Saturday, April 12, 2014

As the Sad Centennial Approaches

It is seldom that I have occasion to quote George Weigel, but this is one. The right-leaning, but intellectually serious journal First Things' May issue includes an article by him, "The Great War Revisted," that is well worth reading in this centennial year of the start of World War I, known to its shell-shocked contemporaries as "the Great War."

Of the greatness of that war, there can no doubt - some 20 million dead, an equal or greater number wounded, to which must also be added (as Weigel wisely recognizes) the casualties of the 1918 influenza pandemic the spread of which the war certainly facilitated. It was great also in the scope of its moral descent into depravity. Twice, Weigel quotes Churchill in this regard: "Neither peoples nor rulers drew the line at any deed which they thought could help them to win" and "Every outrage against humanity or international law was repaid by reprisals often on a grander scale and longer duration." And, of course, it was surpassingly great in the extent and long-lastingness of its consequences. For Weigel, the world that war created only "ended when one of the Great War's more consequential by-products, the Soviet Union, disintegrated in August 1991." Personally, I would date the end of our modern Hundred Years' War no earlier than the resolution later in the 1990s of the Serbian-centered conflicts among the peoples formerly forced to coexist in Yugoslavia (itself a consequence of World War I and of the extreme Serbian nationalism that provoked that war in the first place). Recent events in the Ukraine, however, have convinced me that even that late end-date may have been premature. For the current conflict in and around Ukraine also has its roots in the Great War's witless destruction of the Hapsburg and Romanov empires.

Like everyone else, Weigel considers the causes of the war. But his greater contribution, I believe, lies in his raising the less common - but ultimately more important and more revealing - question: "Why did the Great War continue?" In other words, "Why, at the end of 1914, when the military situation had ossified on both the western and eastern fronts, did Europe find it impossible to call a halt?" Allowing a local Balkan crisis (one of many that had disturbed that region) to escalate into a Europe-wide war was surely folly - idiocy even. But to allow it continue after the initial campaigns had led to an impasse  - an impasse that would continue at increasing human cost until 1917 on the eastern front and until the fall of 1918 on the western front - remains the amazing puzzle of the war.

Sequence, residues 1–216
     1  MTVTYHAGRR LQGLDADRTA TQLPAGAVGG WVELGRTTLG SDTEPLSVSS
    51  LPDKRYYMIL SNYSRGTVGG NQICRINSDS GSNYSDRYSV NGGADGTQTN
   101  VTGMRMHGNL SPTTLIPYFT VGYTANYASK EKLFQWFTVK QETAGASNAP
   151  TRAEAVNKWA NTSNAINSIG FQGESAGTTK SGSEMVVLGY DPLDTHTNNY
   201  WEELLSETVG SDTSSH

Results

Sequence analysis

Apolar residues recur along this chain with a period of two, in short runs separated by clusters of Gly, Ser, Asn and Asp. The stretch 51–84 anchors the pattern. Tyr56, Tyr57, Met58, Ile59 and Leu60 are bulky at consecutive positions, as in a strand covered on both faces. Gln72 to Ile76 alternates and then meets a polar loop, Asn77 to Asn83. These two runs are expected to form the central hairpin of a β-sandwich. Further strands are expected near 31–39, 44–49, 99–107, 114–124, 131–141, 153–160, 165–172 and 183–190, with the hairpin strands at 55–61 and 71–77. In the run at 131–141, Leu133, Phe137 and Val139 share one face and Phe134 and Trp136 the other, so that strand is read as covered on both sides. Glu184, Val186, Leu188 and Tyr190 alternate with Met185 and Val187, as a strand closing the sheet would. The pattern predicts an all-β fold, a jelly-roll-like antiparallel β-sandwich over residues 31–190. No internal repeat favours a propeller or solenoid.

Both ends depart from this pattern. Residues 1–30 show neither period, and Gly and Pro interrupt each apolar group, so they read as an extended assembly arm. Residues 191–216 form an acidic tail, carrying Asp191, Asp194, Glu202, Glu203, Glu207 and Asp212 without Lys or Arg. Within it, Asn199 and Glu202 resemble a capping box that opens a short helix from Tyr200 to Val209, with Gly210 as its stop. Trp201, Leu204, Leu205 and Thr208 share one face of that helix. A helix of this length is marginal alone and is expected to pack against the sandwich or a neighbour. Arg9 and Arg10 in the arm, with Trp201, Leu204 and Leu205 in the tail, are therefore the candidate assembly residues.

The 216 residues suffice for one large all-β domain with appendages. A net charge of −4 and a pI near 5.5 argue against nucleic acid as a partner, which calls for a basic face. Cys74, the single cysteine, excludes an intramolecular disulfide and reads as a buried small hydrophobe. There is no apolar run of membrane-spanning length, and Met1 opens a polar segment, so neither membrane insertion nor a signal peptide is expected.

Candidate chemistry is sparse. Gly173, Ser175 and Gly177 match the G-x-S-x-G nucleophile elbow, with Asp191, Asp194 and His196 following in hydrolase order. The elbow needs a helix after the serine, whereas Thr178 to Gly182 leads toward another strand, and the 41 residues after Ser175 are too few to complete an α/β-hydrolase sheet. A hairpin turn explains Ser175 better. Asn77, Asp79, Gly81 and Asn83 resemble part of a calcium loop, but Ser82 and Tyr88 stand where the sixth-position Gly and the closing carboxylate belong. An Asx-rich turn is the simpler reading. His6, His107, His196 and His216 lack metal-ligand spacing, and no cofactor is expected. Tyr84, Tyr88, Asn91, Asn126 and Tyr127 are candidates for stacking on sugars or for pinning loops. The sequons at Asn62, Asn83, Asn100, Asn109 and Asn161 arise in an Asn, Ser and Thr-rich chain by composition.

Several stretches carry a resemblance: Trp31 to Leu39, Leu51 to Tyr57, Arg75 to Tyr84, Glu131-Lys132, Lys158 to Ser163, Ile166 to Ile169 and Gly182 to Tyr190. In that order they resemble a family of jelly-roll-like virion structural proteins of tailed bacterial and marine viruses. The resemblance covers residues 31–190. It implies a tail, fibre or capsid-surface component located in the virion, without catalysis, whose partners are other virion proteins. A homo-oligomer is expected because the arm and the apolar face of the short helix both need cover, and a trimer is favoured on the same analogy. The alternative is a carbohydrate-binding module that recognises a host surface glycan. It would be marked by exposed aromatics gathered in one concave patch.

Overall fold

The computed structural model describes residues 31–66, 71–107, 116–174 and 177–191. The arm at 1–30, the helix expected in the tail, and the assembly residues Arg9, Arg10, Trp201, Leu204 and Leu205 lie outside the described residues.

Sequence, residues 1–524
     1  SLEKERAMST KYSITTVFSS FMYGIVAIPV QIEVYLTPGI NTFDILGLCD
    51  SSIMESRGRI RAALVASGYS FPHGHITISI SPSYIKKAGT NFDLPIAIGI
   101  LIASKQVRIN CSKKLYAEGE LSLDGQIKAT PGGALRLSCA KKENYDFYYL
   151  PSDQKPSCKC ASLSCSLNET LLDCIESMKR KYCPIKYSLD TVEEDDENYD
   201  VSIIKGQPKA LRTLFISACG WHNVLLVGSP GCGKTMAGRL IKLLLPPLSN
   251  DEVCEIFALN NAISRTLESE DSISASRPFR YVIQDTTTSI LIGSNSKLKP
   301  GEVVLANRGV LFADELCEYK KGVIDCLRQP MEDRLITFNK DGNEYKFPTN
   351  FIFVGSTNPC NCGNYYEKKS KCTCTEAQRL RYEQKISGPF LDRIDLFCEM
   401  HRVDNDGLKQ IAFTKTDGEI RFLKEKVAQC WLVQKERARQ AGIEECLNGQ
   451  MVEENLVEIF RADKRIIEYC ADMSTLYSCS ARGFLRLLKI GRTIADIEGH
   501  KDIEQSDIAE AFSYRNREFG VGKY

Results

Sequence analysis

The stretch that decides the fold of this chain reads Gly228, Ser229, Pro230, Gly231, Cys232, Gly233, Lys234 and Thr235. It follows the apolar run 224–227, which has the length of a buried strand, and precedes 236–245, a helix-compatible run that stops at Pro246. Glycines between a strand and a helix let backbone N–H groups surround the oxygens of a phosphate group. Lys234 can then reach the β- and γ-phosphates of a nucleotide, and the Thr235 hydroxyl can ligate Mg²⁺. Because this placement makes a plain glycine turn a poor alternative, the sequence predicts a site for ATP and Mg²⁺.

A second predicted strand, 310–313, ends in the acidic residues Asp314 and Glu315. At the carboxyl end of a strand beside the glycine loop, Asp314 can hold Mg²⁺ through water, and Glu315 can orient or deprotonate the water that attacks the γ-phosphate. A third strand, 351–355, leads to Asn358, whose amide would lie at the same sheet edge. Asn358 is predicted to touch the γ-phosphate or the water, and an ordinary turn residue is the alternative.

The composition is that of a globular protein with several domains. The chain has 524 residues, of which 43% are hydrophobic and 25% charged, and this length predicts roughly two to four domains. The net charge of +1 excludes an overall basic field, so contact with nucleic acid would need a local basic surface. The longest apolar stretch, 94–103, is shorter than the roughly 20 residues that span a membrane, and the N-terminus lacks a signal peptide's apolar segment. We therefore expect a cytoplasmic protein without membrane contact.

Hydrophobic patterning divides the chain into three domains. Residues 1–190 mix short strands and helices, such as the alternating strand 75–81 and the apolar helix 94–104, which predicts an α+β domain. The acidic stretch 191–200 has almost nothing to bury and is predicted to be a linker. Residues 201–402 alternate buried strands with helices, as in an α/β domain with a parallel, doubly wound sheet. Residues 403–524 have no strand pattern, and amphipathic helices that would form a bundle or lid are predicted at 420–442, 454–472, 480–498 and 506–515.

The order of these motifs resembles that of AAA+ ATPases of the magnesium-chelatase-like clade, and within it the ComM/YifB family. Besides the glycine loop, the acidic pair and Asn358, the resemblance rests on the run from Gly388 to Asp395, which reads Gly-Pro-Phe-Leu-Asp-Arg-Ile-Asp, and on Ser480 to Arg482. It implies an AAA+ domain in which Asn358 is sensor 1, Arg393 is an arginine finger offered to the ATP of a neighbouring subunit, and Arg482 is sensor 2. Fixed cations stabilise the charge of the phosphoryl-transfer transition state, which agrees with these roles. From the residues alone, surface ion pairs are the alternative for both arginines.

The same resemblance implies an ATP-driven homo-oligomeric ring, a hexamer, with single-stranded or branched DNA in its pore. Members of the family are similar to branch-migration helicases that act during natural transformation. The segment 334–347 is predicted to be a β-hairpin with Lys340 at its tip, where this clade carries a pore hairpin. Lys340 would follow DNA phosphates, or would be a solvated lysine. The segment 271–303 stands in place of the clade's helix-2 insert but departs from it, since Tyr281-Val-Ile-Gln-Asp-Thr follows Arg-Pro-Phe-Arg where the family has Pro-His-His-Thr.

Here Weigel invokes familiar and frequent ideological foes. But the fact that they are familiar and frequently invoked does not diminish the relevance of his analysis. Underlying the peace, prosperity, and apparent contentment of Edwardian Europe, Weigel unearths  a complex of "distorted ideas and virulent passions." Among them, Weigel argues, were Social Darwinism, Nietzschean Promethean irrationalism, xenophobic ideas about nations and races, a certain sense of historical fatalism, and what 40 years ago Owen Chadwick labeled the 19th-century's "secularization of the European mind." Weigel focuses in especially on the latter (which in a sense, I think, sums up and incorporates all the others) as having eroded "any sense of rules or restraint in world politics or the conduct of war."

As a counter-point to the received modern wisdom which sees the rise of modern forms of political authority as an historical alternative to the destructive religious warfare which preceded, Weigel argues that  it has been "the erosion of biblically informed concepts of the human person, human communities, human origins, and human destiny" which "created a European moral-cultural environment in which politics was no longer bound and constrained by a higher authority operative in the minds and consciences of leaders and populations." 

How to respond - morally, culturally, and politically - to this overwhelming challenge is anything but obvious, and would likely get us into the territory of contemporary politics where many (myself included) might quickly part company with Weigel on any number of particular proposals. But, I think, his analysis of the spiritual causes of our contemporary hundred years' malaise is a legitimate foundation for future moral, cultural, and political deliberation.

Last week, on the 25th anniversary of her state funeral in Vienna, I watched the YouTube videos of the Austrian coverage of the Empress Zita's funeral and burial. On one level, of course, the whole event was an exercise in imperial nostalgia (something Vienna is naturally quite good at). But, beyond nostalgia and all that, it offered an opportunity for ritualized reflection on the 20th-century tragedy that began in 1914. One particularly virulent phase of that - the Cold War - was dramatically coming to an end in 1989, even as Zita was being laid to rest among previous Kaisern and Kaiserinen with all the traditional Hapsburg ceremonial. But the corrosive ideas which Weigel highlighted as having animated secular modernity continue even now to erode the bases of social life and continue to pose novel challenges which cannot be easily evaded or escaped. 

No comments:

Post a Comment